Against Issue 1

Next week City of Columbus residents will go to the polls to vote on Issue 1.  Unlike other elections that are coming up in the next few months, I’ll go to the polls on Tuesday with anticipation, not trepidation, to vote against a colossally bad idea.

Issue 1 would change the structure of Columbus’ City Council.  Currently, the Council has seven members, all of whom are elected on an at-large basis by the city as a whole.  Issue 1 would create a 13-member Council, 10 of whom would represent designated wards within the city, with the remaining three being at-large members.  As the city grows, the number of wards could increase, and ultimately the Council could include as many as 25 members.

db037dcb22d918789a9be47067b41c61The proponents and opponents of the proposed changes have been debating the merits of Issue 1, and the Columbus Dispatch has come out against the issue.  In a nutshell, supporters of Issue 1 argue that the current council format produces members who aren’t paying attention to the needs of particular neighborhoods, and a ward system — where neighborhoods would be electing a specific member — would inevitably change that.  Opponents focus on the fact that the proposed ward boundaries haven’t been drawn yet, and the Dispatch argues that, while arguments could be made for restructuring the current approach to electing City Council because of concerns about corruption and cronyism, a ward system would balkanize the city.

I’m against Issue 1 for several reasons.  First, I think a ward system is likely to increase corruption, not reduce it.  That’s been the problem in many cities, where developers co-opt ward bosses to support pet projects in their wards in exchange for hefty campaign contributions.  Second, an increase in the size of City Council inevitably would increase administrative costs and add new people to the local government payroll — all to perform the very same function that has been performed capably by a much smaller group.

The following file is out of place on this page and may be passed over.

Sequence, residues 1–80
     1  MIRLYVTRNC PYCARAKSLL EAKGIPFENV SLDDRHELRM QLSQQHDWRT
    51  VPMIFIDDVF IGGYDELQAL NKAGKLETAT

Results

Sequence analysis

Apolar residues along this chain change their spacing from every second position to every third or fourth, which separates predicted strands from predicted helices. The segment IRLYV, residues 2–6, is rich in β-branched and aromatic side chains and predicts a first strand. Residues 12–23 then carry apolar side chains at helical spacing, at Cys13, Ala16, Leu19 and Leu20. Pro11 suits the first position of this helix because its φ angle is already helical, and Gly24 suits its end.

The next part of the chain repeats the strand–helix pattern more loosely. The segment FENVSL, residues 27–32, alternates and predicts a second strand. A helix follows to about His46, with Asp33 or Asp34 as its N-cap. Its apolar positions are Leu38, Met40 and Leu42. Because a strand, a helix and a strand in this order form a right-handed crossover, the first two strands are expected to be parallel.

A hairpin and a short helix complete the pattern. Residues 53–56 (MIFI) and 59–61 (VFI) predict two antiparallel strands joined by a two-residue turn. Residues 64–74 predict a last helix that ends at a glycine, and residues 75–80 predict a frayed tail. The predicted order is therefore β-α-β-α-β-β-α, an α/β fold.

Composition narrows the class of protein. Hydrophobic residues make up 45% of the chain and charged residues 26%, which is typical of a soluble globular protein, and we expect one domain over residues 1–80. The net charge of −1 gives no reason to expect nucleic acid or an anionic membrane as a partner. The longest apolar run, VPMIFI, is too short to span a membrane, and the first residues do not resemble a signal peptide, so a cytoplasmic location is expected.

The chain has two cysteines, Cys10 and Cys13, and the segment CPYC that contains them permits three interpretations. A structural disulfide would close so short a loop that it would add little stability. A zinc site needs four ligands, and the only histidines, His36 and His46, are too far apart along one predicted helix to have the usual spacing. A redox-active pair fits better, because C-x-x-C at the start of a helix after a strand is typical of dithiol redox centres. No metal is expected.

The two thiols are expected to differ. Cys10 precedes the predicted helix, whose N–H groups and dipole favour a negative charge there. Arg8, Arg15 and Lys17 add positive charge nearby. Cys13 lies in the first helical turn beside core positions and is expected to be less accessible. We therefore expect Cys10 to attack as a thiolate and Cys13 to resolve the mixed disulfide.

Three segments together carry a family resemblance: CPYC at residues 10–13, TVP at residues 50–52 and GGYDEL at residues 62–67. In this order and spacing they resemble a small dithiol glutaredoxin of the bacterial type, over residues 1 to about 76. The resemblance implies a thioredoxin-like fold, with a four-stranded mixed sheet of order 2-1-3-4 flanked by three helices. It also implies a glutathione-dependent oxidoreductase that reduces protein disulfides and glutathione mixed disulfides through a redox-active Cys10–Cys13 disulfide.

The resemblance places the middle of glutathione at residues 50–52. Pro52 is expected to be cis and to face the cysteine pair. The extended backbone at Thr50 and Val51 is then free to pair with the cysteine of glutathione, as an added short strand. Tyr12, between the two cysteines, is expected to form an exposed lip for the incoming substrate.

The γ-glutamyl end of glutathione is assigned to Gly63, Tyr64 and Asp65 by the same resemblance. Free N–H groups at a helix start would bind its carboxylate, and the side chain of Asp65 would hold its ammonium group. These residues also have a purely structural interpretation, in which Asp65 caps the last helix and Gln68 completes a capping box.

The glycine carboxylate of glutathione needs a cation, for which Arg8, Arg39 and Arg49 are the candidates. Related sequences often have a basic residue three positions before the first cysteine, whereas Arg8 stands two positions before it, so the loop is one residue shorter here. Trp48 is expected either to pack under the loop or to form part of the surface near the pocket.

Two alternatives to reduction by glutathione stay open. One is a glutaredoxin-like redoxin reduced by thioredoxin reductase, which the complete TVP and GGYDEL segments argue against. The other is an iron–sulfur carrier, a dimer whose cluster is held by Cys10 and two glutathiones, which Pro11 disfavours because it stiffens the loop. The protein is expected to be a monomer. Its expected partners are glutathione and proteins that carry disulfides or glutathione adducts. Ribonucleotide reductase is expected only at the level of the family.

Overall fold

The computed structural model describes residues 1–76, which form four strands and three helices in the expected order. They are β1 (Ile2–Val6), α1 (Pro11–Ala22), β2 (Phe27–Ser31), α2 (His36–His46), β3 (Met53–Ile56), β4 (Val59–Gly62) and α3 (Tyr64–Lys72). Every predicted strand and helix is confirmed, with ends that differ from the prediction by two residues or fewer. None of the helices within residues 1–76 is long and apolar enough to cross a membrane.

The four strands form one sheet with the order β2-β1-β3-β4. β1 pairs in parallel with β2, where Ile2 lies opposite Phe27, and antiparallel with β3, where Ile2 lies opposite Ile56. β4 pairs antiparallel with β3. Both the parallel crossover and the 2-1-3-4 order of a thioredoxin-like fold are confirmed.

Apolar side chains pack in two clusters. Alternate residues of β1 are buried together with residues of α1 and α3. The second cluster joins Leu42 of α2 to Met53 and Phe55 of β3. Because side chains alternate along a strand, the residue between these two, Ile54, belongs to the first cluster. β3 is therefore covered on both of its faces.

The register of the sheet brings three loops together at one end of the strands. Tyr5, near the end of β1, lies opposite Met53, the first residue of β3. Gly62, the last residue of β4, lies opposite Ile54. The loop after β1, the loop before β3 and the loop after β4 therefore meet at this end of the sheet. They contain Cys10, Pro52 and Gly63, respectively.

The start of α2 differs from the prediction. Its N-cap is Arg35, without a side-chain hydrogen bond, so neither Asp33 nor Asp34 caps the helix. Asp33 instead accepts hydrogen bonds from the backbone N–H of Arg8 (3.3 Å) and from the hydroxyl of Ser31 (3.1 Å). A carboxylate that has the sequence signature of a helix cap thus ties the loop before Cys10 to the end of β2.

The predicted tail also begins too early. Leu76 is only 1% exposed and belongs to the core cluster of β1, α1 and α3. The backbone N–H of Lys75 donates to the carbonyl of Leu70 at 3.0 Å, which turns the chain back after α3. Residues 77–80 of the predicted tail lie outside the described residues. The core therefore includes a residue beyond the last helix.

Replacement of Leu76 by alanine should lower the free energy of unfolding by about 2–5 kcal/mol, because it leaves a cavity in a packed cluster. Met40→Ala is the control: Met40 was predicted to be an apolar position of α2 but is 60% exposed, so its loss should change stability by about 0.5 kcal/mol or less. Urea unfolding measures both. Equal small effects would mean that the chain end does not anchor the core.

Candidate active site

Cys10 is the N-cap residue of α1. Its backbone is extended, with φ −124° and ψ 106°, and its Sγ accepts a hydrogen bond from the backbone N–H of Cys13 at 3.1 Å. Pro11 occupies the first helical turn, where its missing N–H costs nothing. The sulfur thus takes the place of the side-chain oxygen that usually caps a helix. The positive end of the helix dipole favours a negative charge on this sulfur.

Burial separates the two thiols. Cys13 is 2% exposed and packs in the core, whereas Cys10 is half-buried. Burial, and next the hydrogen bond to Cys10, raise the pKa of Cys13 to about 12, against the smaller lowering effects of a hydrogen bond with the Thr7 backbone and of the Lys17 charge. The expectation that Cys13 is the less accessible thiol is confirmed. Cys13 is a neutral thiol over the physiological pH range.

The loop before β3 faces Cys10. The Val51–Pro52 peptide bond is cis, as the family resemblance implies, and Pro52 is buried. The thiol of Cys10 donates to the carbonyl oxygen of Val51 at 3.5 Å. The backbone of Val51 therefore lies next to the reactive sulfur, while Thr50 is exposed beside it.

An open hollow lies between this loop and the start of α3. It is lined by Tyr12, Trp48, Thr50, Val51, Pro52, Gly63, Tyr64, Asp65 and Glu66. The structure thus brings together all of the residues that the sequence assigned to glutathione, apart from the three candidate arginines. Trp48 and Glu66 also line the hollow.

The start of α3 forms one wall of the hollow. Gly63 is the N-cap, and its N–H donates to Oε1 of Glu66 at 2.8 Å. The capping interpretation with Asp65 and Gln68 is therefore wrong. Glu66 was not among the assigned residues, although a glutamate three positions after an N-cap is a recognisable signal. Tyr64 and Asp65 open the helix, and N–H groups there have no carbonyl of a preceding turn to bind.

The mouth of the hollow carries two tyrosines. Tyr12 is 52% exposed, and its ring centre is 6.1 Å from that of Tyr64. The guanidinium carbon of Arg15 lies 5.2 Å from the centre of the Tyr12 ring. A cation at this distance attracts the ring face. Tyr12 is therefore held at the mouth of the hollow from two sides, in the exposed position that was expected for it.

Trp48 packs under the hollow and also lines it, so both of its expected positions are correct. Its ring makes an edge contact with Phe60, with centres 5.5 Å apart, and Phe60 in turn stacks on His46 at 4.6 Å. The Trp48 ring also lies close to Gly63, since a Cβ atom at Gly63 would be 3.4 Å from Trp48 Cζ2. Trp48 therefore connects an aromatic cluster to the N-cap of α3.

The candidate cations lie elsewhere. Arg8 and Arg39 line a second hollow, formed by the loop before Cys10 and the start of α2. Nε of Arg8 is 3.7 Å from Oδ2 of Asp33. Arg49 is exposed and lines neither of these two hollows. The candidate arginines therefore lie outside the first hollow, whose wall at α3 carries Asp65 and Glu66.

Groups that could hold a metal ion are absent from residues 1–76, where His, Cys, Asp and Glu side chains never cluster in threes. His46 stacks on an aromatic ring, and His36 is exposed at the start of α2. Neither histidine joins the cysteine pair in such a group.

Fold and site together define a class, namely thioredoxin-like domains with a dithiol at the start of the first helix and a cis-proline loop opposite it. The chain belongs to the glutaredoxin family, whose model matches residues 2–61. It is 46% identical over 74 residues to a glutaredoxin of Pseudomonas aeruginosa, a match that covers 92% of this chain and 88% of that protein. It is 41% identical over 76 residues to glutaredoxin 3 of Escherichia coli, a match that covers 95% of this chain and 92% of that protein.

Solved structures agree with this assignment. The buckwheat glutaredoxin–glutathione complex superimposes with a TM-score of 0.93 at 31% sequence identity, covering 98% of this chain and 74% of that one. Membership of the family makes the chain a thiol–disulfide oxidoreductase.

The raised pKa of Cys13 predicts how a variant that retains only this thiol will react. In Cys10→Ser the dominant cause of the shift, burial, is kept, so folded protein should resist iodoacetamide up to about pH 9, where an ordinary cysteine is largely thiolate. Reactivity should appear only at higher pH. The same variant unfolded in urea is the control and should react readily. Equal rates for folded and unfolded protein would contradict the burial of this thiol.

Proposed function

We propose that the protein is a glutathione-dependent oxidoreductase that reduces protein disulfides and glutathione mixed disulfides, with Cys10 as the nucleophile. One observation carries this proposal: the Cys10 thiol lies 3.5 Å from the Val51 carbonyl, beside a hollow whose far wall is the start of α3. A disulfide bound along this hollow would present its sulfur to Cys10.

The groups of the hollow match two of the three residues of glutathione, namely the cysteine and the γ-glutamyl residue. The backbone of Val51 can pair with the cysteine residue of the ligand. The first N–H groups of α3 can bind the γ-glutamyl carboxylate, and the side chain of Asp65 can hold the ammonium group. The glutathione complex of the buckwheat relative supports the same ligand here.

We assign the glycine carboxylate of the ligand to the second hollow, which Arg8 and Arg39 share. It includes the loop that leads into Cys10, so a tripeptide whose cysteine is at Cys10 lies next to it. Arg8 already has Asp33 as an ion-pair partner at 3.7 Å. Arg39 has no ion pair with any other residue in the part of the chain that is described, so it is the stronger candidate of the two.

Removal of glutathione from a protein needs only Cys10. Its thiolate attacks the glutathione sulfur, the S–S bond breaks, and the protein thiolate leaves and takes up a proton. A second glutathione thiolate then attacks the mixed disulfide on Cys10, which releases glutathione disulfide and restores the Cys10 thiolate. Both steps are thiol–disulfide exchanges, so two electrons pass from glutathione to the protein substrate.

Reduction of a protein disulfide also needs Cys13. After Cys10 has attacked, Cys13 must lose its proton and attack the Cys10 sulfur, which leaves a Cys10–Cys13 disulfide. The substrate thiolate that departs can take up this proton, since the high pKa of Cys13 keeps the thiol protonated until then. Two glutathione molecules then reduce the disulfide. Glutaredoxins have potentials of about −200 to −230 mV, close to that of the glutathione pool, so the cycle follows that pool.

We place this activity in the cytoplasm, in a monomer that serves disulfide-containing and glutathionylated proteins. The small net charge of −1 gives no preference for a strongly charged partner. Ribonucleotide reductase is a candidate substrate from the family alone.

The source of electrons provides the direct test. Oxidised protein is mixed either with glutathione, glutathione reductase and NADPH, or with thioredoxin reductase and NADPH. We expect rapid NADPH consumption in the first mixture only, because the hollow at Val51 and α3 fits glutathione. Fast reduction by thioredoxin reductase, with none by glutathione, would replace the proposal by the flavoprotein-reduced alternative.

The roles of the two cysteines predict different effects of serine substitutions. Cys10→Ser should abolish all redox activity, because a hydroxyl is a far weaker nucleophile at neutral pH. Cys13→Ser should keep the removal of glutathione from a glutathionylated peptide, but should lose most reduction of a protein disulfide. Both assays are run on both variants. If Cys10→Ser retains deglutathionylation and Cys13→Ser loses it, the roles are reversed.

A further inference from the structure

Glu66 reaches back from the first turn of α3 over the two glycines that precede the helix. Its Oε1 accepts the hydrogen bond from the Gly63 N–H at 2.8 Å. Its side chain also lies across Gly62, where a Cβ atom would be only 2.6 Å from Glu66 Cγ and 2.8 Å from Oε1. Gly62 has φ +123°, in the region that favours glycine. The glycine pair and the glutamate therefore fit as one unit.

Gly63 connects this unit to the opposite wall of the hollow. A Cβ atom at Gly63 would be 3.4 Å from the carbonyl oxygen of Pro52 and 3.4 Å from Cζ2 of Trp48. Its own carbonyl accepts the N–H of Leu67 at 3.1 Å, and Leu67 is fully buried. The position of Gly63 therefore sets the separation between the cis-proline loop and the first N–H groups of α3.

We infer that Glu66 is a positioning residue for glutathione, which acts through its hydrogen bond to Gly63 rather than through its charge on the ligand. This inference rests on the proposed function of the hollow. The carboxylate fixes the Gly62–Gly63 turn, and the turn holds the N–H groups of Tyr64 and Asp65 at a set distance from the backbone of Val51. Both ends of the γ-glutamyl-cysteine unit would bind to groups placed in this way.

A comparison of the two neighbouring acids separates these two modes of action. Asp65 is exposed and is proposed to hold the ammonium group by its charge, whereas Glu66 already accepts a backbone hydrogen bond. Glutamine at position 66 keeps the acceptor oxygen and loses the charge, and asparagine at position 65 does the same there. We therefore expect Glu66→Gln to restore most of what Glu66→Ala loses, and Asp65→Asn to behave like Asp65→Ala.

Finally, I think the existing Council system has worked pretty darned well.  Columbus has grown and prospered, and that’s due in part to the fact that City Council is focused on the city as a whole.  For decades now, Columbus city government has largely operated by consensus and without the fractious discord that has affected other cities.  I’m sure there are some neighborhoods that feel neglected in comparison to others, but the overall progress is undeniable.  Run a Google search on Columbus and you’ll find lots of articles talking about what a great city it has become.  Why change what has worked so well?

Letting Columbus Food Trucks Roam

Earlier this week Columbus City Council passed legislation that, for the first time, will allow food truck owners to sell their wares from parking spots on city streets. Previously, food trucks were restricted to selling only on private property.

IMG_3701Columbus politics are known for moderation and consensus, and the food truck legislation was no different. The vote on the law was unanimous, after City Council worked with food truck owners interested in greater access and restauranteurs concerned about safety issues raised by patrons congregating in the areas between food trucks and brick and mortar dining establishments.

Under the new legislation, food trucks will be able to park in the first or last parking spots on blocks in most commercial areas. In high-traffic areas, like the Short North, the food trucks will need to reserve one of 20 designated spots. Food trucks also will be subject to health and fire inspections and must buy a license and pay for an annual street parking permit. The legislation also established an advisory board that will periodically review the food truck rules and consider whether they need to be revised.

This is a great development for those of us who are food truck fans and love the passion, diversity, and entrepreneurial spirit — not to mention the tasty and interesting grub — that food trucks bring to Columbus. I’m hopeful that those of us who work on Gay Street, which as the coolest street in downtown Columbus is home to a number of restaurants already, will be happily surprised to see a food truck or two parked on our block as temperatures warm and we move into the food truck season.